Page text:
4. In the BBC article a mother of an ASD child talks about her child’s sensory processing and subsequent aversion to being washed or having his hair combed. She said “there are things he finds very difficult – like bathing, having his hair brushed and changing his clothes. So quite often his clothes are grubby, his hair is tangled, his hands are dirty, but he is healthy, he’s happy and we are trying to educate him”. But an unconventional appearance meant she had “a daily fear of being reported to social services. If you step out into your front garden someone can see you, and if you raise your voice in the house someone can hear you. You feel there are eyes everywhere and everything that happens they will interpret through their own filter, they won’t try to understand it from your point of view, they don’t necessarily know about the autism, so living in that sort of situation there’s a daily fear of that happening.”  This can be a very real fear if you have already had to jumps through “parenting course hoops” and prove yourself.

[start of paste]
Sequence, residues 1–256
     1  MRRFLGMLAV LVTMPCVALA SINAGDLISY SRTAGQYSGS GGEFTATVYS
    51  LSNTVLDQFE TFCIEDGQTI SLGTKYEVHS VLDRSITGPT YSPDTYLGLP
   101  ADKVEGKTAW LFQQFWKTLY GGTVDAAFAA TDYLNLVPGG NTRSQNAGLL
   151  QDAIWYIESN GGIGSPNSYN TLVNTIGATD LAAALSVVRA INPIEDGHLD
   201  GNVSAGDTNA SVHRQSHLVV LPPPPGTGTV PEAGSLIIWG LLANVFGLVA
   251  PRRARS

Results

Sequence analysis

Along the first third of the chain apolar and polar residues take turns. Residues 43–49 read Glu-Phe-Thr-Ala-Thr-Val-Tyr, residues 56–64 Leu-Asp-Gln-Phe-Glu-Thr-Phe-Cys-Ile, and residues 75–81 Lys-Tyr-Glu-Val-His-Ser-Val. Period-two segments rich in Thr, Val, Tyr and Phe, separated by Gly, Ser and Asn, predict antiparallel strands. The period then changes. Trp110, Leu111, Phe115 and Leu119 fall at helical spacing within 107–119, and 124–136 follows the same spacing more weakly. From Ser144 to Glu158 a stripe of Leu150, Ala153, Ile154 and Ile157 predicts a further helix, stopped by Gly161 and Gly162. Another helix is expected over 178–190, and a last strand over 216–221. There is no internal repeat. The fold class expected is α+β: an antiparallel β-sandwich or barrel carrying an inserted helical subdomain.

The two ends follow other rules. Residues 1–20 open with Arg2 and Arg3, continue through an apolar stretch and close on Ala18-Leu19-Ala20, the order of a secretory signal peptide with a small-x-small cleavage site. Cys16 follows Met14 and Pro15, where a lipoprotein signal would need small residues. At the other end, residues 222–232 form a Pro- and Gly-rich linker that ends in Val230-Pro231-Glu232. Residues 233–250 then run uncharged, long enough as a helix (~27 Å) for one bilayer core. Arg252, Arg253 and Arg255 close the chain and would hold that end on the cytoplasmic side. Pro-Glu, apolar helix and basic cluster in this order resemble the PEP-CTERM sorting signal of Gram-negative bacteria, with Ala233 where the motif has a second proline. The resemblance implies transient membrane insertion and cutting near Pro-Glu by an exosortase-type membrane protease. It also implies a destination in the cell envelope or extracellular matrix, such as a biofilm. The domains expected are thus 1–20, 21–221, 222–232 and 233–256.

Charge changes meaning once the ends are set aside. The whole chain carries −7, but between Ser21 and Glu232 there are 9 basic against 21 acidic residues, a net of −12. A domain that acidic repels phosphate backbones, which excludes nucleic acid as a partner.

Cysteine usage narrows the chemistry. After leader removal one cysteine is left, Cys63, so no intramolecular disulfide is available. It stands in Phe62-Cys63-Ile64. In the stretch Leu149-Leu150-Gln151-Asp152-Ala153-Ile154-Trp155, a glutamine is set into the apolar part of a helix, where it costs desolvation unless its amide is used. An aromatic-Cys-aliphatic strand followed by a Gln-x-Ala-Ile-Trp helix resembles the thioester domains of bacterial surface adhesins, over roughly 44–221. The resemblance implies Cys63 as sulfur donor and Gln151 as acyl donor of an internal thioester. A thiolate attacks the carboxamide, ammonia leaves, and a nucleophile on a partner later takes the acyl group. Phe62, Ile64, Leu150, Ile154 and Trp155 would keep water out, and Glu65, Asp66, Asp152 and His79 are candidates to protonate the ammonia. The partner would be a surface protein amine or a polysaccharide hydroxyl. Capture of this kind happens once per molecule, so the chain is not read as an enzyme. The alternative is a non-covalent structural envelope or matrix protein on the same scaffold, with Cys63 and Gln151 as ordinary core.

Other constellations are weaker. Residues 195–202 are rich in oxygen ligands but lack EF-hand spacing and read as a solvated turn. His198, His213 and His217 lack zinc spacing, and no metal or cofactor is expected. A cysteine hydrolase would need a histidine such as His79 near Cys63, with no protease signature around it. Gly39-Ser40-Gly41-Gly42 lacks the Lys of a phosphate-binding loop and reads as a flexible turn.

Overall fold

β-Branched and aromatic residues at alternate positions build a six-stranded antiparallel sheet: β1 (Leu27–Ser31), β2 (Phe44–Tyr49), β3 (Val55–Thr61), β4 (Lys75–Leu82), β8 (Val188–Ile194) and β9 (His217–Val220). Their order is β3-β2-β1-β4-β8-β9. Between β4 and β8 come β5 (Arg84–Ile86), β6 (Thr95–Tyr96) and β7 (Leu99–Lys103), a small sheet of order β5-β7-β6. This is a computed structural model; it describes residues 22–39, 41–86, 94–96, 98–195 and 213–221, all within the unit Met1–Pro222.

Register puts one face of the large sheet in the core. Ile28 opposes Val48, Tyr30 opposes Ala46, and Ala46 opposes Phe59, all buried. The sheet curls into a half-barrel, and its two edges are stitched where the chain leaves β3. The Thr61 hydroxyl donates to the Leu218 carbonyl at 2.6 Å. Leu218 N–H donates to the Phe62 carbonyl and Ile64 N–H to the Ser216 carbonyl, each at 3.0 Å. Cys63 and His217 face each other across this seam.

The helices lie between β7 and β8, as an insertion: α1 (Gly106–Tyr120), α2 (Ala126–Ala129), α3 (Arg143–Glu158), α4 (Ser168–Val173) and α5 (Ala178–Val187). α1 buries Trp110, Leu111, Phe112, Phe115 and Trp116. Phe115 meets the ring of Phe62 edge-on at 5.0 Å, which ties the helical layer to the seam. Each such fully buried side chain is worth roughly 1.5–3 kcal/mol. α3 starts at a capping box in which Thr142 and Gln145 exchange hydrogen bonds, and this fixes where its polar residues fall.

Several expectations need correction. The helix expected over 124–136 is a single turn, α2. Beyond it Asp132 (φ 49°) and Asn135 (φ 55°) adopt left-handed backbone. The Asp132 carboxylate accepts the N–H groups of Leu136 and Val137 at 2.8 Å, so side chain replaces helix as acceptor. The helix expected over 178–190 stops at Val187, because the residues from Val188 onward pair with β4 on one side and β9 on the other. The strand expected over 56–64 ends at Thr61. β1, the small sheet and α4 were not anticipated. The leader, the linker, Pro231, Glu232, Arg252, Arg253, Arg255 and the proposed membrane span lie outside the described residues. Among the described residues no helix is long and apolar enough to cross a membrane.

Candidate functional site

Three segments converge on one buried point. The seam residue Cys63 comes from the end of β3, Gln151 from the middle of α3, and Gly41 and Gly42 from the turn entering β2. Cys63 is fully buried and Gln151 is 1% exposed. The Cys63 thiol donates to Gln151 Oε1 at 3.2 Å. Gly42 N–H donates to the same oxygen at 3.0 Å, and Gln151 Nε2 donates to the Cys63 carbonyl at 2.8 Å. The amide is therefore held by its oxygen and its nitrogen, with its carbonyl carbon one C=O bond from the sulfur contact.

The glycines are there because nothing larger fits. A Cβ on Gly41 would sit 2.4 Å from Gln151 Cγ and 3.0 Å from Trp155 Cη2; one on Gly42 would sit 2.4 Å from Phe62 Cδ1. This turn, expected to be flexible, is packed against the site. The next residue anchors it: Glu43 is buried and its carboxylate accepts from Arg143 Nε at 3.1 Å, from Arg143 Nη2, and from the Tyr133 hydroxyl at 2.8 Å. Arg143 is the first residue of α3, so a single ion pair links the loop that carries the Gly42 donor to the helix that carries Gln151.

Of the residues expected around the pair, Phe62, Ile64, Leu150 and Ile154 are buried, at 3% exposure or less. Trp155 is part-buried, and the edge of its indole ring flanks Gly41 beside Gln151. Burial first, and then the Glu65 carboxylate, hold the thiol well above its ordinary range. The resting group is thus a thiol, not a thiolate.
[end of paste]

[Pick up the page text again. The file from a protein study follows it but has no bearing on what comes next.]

5. It was a waste of time. We know from research that the earlier the intervention the better the outcome. We spent our son’s early years focusing on the wrong elements (whilst we went to parenting courses). Sadly we will never know the difference it could have made to him?


In the 1970’s many parents of children with ASD were overtly accused of causing their children childhood psychosis (the then used label for ASD) through “cold” parenting.  In the 1990’s parents like me were made to jump through hoops for years being sent on parenting courses. It’s sad to think that in this day and age we still haven’t moved on much.  In my opinion we’re getting it wrong.  It’s time to rethink how we as professionals assess and treat these children.  I’m going to start with me and do exactly that and reflect on my own practice.